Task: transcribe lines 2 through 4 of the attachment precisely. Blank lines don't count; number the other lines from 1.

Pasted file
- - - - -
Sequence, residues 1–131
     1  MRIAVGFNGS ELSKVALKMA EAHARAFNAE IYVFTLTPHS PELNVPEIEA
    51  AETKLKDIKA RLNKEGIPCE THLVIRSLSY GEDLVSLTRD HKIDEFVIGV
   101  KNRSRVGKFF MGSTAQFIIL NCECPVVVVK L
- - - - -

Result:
     1  MRIAVGFNGS ELSKVALKMA EAHARAFNAE IYVFTLTPHS PELNVPEIEA
    51  AETKLKDIKA RLNKEGIPCE THLVIRSLSY GEDLVSLTRD HKIDEFVIGV
   101  KNRSRVGKFF MGSTAQFIIL NCECPVVVVK L